|Photo by Warwick Tarboton (Warwick Tarboton)|
bronze munia (en); bico-de-chumbo-bronzeado (pt); capucin nonnette (fr); capuchino bronceado (es); kleinelsterchen (de)
This species is found in sub-Saharan Africa, from Senegal east to Ethiopia and south to Angola, eastern Botswana and eastern South Africa. There is also an introduced population in Puerto Rico.
These birds are 9-10 cm long and weigh 10-12 g.
The bronze munia is found in tropical forests and savannas, dry scrublands, dry grasslands, inland wetlands such as marshes and swamps, and also in pastures and arable land.
They forage on the ground or in low vegetation, mainly taking grass seeds and cultivated cereals such as rice. They also take some insects, such as termites and ants, and occasionally nectar.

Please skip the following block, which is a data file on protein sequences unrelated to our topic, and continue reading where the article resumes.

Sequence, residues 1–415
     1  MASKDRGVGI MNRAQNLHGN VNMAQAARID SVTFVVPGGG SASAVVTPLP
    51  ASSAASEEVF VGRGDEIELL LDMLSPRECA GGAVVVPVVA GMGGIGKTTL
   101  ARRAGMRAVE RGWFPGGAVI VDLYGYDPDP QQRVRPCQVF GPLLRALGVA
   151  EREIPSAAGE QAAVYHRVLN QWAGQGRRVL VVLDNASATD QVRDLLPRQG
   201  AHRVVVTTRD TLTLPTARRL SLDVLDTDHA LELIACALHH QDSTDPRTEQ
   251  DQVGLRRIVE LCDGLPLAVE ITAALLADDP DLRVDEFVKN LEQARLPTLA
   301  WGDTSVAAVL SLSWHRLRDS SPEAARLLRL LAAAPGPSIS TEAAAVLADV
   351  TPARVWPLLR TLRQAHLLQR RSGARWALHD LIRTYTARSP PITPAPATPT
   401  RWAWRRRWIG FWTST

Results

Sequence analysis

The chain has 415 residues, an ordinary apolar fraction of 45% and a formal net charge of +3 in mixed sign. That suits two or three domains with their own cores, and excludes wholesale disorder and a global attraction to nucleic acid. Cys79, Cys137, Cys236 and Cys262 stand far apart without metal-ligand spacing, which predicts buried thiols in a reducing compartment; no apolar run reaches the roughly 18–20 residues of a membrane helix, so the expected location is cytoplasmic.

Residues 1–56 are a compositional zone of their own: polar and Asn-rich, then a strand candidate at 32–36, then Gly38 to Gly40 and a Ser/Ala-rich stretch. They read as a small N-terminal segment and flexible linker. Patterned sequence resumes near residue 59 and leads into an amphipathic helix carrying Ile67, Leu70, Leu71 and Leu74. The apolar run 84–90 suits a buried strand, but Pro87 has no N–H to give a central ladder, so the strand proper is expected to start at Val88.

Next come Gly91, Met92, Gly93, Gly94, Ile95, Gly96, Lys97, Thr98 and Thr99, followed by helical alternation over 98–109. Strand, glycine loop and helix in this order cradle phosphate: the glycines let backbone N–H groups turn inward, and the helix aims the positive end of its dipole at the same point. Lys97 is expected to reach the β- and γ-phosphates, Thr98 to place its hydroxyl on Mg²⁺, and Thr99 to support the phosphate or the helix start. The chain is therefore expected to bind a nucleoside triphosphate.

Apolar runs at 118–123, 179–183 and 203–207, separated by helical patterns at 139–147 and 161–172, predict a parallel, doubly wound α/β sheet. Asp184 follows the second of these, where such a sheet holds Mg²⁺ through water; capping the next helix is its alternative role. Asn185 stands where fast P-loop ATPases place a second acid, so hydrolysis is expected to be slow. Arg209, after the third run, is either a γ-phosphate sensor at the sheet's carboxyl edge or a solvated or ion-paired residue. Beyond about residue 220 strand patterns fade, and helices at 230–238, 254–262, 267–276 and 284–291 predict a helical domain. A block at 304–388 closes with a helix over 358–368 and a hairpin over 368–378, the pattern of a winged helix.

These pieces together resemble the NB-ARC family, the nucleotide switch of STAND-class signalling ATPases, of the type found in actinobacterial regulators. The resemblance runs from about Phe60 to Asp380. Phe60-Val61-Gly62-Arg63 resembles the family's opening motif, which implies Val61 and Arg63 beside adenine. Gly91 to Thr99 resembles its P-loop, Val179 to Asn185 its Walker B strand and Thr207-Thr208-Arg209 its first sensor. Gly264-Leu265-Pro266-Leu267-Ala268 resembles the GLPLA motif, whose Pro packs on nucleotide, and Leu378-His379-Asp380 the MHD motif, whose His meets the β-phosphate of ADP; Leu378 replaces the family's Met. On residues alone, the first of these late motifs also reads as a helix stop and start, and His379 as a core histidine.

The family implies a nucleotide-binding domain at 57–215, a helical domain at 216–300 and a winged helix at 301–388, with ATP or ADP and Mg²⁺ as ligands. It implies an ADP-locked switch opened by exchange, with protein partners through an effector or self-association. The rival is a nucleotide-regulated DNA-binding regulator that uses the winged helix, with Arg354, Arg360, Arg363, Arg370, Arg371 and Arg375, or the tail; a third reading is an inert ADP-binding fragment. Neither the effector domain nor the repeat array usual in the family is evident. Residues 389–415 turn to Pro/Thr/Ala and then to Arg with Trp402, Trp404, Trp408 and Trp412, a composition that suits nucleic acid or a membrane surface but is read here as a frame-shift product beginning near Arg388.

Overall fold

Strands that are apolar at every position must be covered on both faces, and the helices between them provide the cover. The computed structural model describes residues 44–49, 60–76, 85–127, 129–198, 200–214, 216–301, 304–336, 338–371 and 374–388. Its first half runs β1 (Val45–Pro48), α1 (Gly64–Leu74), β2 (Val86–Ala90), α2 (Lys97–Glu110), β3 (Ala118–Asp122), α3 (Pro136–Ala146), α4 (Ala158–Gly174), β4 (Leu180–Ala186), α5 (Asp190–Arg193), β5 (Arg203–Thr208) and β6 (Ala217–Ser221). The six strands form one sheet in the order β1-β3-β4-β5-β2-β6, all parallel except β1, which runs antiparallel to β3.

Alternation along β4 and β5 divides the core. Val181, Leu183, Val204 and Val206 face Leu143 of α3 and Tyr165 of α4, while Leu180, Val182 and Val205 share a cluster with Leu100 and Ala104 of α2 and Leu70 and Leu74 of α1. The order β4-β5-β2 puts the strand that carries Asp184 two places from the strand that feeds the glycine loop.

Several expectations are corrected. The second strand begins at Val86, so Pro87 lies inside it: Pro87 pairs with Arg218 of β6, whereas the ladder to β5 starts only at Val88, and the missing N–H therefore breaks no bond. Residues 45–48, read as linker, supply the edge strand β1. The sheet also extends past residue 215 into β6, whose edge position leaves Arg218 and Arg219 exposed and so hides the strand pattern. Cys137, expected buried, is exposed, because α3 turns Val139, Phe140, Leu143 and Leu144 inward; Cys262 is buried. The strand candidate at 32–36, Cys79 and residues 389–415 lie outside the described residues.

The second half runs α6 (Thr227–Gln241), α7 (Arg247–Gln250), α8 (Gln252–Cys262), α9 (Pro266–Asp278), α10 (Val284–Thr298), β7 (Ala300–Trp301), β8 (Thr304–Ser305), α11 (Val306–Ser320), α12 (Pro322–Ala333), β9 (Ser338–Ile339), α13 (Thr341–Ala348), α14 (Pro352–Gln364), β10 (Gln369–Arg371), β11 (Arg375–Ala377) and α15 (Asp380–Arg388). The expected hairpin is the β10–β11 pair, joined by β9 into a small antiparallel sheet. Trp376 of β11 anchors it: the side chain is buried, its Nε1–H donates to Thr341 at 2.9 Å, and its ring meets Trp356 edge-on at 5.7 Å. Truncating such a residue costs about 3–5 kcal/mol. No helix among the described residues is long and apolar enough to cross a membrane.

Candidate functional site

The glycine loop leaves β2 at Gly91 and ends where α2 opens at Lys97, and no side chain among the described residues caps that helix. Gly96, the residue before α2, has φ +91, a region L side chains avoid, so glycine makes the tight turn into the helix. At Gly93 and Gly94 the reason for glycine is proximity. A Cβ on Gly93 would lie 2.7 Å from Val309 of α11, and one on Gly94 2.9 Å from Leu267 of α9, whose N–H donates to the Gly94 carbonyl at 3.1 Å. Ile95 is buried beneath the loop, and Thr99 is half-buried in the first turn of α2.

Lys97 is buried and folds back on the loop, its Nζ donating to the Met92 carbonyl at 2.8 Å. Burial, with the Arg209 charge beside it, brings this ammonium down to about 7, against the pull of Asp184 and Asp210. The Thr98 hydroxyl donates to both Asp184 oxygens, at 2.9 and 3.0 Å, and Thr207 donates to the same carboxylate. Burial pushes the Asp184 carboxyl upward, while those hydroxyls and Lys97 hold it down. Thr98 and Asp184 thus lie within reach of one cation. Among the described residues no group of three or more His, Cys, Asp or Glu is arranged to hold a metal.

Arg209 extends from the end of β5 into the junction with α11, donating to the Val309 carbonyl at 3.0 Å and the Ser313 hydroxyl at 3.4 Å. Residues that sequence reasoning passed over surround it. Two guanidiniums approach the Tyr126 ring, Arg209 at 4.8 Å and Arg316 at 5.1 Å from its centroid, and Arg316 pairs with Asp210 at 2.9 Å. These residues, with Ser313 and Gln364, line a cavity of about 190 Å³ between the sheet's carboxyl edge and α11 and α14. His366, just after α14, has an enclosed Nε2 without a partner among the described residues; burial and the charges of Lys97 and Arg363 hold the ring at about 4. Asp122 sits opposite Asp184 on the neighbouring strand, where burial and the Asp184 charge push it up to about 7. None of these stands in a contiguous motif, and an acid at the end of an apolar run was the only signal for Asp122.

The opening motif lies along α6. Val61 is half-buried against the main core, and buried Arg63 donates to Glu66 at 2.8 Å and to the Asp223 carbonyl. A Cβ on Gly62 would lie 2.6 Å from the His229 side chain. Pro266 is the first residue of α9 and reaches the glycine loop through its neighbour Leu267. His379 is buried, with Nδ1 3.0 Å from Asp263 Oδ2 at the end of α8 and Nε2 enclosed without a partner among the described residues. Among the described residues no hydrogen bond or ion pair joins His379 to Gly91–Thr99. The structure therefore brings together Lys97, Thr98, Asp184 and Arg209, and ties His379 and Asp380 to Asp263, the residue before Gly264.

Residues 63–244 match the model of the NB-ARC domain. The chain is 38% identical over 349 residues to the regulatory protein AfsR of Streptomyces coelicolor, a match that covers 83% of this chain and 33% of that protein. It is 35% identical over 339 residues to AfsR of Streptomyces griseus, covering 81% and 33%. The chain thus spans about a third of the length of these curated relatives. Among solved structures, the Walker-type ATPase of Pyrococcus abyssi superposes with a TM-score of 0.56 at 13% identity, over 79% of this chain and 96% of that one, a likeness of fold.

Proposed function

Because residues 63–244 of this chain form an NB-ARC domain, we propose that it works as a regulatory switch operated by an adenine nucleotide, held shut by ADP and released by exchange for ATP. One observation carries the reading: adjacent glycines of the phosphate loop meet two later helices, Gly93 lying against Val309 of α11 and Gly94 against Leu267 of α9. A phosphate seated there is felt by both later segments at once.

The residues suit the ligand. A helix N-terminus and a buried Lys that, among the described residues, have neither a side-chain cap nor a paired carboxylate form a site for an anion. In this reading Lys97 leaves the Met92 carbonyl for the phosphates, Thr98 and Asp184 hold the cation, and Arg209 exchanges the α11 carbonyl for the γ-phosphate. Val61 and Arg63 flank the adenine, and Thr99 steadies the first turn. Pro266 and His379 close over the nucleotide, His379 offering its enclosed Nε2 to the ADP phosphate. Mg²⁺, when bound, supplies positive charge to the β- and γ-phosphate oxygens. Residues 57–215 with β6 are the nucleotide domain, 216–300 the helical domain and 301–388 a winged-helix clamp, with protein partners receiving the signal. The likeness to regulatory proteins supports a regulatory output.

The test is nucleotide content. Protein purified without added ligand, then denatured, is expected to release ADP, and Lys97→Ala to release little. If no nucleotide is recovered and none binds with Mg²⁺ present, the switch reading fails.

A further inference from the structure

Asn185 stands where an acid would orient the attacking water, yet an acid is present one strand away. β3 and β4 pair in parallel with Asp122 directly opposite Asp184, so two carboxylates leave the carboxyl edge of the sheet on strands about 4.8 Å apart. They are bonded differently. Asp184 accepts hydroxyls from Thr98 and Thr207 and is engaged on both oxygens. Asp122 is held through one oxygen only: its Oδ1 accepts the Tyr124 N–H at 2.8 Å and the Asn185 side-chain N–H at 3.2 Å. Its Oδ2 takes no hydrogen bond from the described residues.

Bronze munias can breed all year round. The nest is built by both sexes, consisting of a domed structure made of grasses and lined with feather and soft plant fibres, placed in a small tree 2-3 m above the ground. It is usually located near wasp on ant nests. The female lays 4-8 eggs which are incubated by both parents for 12-14 days. The chicks fledge 17-21 days after hatching but only become fully independent 3 weeks later. Each pair can raise multiple broods per year.
IUCN status - LC (Least Concern)
This species has a very large breeding range and is described as common and widespread. The population is suspected to be stable in the absence of evidence for any declines or substantial threats.